Lemberg/Lwow/Lvov 1849/1853 Cadastral Map on the Gesher Galicia Map Room #austria-czech


Pamela Weisberger
 

Gesher Galicia is pleased to announce the first cadastral map of
Lemberg/Lwow/Lvov to be posted in our Cadastral Map Room:

http://maps.geshergalicia.org/cadastral/lviv-lwow-lemberg-1853/

A complete cadastral map of the city of Lemberg surveyed 1849 and
lithographed in 1853. A very clear and beautiful full-color cadastral
map, showing this gem of the Austrian Empire already developed with
many of the streets and significant buildings still visible today. The
city center is ringed by numbered quarters and well-built named
neighborhoods, including at least three known Jewish districts. All
buildings and land parcels are numbered. Labeled on the map are two
synagogues and almost two dozen churches and monasteries, major Jewish
and Christian cemeteries, military and other imperial facilities,
theaters, parks, schools, and more, with many named streets and
squares.

Researchers and historians might want to take note of the following
observations which compare old Lemberg to present-day Lviv, provided
by GG map room coordinator, Jay Osborn:

- the Rathaus (city hall, still in use), listed as building #1, in the
Ring Platz (today's market square or rynek)

- the river Pelterv (Poltva), still running through the city today but
completely covered since the early 20th century

- the Israeliten Spital (Jewish hospital, also known as the Rappaport
hospital today) #2125, WNW of the town center

- the large old Jewish cemetery #5106 just behind the Jewish hospital
(today a large open market)

- the synagogue #2633, beside the fish market; destroyed in WWII, it
is memorialized in today's Staryi Rynok (Old Market Square)

- the Golden Rose synagogue probably #259 but unlabeled, just ESE of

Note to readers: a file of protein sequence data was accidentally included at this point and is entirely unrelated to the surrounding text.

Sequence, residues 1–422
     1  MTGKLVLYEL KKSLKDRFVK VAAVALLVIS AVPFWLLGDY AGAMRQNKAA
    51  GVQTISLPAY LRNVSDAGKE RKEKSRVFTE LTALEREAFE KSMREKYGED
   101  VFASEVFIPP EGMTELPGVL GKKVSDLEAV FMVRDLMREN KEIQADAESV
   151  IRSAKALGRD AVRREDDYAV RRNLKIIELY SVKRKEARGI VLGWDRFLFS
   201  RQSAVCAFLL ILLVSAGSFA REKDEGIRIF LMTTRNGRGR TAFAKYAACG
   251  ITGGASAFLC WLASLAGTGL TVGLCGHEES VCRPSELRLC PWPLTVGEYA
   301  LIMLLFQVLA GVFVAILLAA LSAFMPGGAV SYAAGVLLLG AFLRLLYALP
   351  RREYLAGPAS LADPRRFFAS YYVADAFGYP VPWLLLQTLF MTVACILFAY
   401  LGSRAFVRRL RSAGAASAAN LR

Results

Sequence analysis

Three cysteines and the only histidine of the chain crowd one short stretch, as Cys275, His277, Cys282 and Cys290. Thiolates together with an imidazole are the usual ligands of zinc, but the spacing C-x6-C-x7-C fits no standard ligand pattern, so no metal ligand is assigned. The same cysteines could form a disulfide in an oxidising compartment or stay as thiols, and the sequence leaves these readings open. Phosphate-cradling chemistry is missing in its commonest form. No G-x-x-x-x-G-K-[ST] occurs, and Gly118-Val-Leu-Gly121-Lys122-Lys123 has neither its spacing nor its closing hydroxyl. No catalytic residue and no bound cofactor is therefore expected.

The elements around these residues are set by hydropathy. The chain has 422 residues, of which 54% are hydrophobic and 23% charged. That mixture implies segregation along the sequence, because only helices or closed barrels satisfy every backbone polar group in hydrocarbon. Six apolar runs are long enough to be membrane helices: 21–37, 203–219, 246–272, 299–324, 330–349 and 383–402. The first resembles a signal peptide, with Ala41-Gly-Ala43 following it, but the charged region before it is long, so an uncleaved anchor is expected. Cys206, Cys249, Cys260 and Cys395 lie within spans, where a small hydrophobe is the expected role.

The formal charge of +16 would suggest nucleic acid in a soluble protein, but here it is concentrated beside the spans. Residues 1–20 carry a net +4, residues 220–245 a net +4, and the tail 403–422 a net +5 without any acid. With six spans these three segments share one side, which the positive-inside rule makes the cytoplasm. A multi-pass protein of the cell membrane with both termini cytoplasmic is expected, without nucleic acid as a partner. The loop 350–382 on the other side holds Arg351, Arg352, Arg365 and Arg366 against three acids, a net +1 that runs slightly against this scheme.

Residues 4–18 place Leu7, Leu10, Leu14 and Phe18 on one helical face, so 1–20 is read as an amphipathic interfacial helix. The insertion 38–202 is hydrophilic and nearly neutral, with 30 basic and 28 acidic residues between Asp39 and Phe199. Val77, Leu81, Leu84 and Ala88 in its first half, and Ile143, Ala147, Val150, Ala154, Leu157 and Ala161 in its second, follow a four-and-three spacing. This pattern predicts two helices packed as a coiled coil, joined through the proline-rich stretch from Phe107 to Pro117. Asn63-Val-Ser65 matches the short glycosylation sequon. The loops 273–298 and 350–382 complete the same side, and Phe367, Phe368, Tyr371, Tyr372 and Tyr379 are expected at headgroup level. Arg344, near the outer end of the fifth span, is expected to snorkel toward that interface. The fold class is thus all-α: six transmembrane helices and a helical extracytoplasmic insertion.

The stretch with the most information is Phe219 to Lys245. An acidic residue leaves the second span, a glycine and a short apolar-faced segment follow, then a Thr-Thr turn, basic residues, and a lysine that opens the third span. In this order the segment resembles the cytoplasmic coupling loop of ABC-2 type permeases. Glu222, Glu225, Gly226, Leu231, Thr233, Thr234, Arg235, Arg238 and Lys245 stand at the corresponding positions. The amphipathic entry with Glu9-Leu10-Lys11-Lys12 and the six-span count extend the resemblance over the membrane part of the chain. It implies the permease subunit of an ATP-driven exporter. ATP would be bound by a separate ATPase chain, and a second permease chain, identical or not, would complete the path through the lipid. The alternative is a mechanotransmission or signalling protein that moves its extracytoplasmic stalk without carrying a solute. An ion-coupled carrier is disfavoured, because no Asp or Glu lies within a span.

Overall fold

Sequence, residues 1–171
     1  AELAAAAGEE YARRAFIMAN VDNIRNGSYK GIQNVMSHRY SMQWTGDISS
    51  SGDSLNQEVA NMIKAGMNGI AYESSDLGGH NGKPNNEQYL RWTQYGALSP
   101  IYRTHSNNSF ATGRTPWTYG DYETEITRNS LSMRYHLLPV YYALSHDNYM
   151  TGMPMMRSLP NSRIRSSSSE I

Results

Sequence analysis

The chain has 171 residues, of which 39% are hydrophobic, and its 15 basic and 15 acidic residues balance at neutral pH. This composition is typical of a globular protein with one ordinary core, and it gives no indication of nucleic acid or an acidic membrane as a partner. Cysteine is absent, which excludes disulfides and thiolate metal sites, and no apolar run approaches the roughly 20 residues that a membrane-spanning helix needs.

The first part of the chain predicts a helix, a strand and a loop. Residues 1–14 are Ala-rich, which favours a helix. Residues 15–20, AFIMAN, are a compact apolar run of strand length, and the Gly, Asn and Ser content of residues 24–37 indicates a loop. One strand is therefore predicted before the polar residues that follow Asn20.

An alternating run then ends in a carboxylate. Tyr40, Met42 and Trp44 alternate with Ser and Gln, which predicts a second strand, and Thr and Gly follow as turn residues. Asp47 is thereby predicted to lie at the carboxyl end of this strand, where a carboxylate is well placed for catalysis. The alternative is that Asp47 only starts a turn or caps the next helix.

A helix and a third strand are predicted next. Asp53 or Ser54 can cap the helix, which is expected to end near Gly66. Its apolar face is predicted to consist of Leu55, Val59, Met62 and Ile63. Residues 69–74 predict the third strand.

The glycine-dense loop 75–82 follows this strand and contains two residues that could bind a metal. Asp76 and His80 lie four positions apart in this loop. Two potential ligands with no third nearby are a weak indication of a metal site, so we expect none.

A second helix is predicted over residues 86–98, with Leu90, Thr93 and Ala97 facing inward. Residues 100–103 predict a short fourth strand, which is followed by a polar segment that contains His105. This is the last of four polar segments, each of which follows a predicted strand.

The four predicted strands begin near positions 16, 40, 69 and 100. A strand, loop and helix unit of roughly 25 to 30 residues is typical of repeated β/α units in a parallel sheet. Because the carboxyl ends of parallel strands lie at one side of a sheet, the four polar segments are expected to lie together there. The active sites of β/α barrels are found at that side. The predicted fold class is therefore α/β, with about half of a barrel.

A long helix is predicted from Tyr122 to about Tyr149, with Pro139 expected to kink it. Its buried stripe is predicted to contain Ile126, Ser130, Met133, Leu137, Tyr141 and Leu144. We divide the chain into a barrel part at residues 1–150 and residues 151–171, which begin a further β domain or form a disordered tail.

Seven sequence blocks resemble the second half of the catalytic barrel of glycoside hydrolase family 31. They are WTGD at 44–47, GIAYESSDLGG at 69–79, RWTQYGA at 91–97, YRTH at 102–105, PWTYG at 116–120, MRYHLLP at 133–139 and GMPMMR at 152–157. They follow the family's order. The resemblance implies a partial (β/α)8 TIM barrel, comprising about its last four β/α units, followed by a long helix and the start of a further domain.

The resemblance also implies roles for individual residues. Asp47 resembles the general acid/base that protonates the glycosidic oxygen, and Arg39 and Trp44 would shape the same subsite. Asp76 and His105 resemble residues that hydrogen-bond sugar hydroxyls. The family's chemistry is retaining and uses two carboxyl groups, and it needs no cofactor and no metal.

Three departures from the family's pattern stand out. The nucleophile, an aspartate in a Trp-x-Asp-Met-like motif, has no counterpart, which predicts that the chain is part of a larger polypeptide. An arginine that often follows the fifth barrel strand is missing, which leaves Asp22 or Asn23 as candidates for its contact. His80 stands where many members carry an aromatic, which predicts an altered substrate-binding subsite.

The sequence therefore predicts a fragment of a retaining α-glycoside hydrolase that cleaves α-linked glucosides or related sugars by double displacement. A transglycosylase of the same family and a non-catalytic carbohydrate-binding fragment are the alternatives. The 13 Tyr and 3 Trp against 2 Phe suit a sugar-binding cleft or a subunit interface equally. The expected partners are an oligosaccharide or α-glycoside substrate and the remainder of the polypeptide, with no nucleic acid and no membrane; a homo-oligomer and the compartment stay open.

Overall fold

the rynek; destroyed in WWII but surviving today as a ruin

- the adjacent synagogue #367, today an empty square behind the armory building

- Judenplatz (Jewish Square), Judengasse (Jewish Street) and
Wechslergasse (Moneychanger Street), all southeast of the rynok around
the synagogue above

- the Ossolinski Library (Ossolineum) #520 southwest of the town
center, today the Stefanyk Library

- the Map Archive (!) #80 (no longer extant), just west of the rynek
(market square)

- the Citadelle, today an archive and prominent military ruin above
the city on a hill SSW of the town center, curiously blank of
buildings and roads on the map; perhaps it was mapped on a separate
sheet now lost, or perhaps it was blank for reasons of military
security.

- buildings are block-numbered in the city center, making it easy to
associate neighboring residences and offices; this suggests a
re-numbering of the city properties not long before this map was made

- Serbengasse (Serbian Street) in the city center was renamed after
1853 for the 16th-century Moscow/Lwow printer Ivan Federov; oddly, the
adjacent former Blechergasse (Tinsmith Street, also a Germanic family
name) is now named Serbska

- separate large facilities for care of the deaf and the blind were
located east of the city center, near the military hospital and a
German hospital

- a very large brewery is shown near the northeast edge of the map; a
smaller one is shown near the southeast edge

- there are statues drawn on the map in some of the downtown squares!

Thanks to Jay Osborn for stitching together this map and Natalie Dunai
for sourcing it.

Pamela Weisberger
President, Gesher Galicia
pweisberger@gmail.com
Map Room home page: http://maps.geshergalicia.org
www.geshergalicia.org

Join main@groups.jewishgen.org to automatically receive all group messages.